I watched the Guardians-Yankees division series playoff game last night on TBS. By the end of the broadcast, I was left with two unshakeable conclusions.
First, it’s hard to beat a team that has spent huge amounts on player contracts. Every player in the Yankees batting order seemed to have hit at least 20 homers, knocked in at least 70 runs, and either won an MVP, a batting title, a World Series title, or a Golden Glove award before they went for the big money in the Bronx.
And second, Bob Costas just talks too much. Way, way, way too much. So much that his partner in the booth, Ron Darling, was hard pressed to get a word in edgewise, even though, unlike Costas, he often had something interesting to say about what was happening on the field. By the end of the game, I felt like hitting the mute button, just so I wouldn’t hear Costas rip through another set of weird statistics and seemingly pointless anecdotes.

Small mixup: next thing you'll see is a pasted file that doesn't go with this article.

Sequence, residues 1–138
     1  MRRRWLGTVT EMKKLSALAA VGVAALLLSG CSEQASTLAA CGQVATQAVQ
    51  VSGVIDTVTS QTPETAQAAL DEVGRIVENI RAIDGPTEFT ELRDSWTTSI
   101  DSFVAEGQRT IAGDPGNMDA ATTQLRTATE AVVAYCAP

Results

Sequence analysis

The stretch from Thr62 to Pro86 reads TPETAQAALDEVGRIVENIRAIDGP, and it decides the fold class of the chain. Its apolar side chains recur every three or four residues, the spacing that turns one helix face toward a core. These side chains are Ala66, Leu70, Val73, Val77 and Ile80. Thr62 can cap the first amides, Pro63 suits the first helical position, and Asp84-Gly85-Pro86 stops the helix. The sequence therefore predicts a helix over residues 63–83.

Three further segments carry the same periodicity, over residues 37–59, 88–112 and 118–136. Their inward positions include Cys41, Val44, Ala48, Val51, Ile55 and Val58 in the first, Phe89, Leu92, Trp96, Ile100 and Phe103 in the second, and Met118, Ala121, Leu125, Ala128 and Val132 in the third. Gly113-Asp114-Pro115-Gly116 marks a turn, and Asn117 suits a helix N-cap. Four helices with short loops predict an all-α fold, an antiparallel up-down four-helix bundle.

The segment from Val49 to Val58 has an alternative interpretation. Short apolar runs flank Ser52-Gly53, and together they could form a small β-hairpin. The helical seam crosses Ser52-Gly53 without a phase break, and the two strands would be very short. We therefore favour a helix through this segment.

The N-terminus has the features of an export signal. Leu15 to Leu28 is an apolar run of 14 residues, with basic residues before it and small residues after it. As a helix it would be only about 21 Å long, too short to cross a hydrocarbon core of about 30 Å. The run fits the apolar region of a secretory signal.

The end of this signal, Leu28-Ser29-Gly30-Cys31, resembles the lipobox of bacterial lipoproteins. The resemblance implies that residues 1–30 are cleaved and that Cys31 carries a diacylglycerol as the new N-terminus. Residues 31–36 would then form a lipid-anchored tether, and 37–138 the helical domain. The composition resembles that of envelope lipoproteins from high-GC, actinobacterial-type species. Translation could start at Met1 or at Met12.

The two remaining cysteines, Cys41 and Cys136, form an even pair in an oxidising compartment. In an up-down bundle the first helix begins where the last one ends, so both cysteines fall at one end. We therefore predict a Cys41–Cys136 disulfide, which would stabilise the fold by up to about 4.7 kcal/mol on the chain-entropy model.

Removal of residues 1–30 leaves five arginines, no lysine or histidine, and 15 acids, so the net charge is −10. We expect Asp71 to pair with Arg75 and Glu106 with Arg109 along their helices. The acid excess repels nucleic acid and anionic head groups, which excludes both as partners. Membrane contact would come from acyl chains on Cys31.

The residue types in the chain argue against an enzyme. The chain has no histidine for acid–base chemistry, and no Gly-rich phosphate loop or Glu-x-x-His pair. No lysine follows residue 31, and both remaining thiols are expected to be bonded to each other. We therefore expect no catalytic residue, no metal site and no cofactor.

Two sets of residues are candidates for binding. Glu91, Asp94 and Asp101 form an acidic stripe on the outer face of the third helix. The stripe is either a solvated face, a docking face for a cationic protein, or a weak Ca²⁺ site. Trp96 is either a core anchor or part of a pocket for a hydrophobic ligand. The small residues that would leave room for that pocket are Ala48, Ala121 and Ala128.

There’s nothing to be done about the payroll difference. Regrettably, it’s just part of the big-league game these days and something that you need to accept when you root for a small-market team against one of the cash-rich big boys. All you can do is hope that lightning strikes and your team can somehow prevail despite the stacked deck. But the broadcast booth blabbing is jarring. You’re used to listening to your hometown TV team, and then suddenly you’re dealing with a national media personality who apparently feels compelled to gush out verbiage like a fire hydrant on a hot summer’s day.
Baseball is a slow-moving, pastoral game. Part of its appeal is the sights and sounds and rhythms. A chatterbox announcer interferes with all of that. Make your occasional point, and call the action, sure — but there is absolutely no need to fill every precious moment of silence or background crowd noise or the organ sounding the notes of the “charge” call with mindless yammering about in-the-weeds data analytics or curious back stories that really don’t have anything to do with the game.
Bob Costas has had a storied career in broadcasting, but in my view his approach really interferes with enjoyment of the game. Take a breath now and then, Bob — won’t you?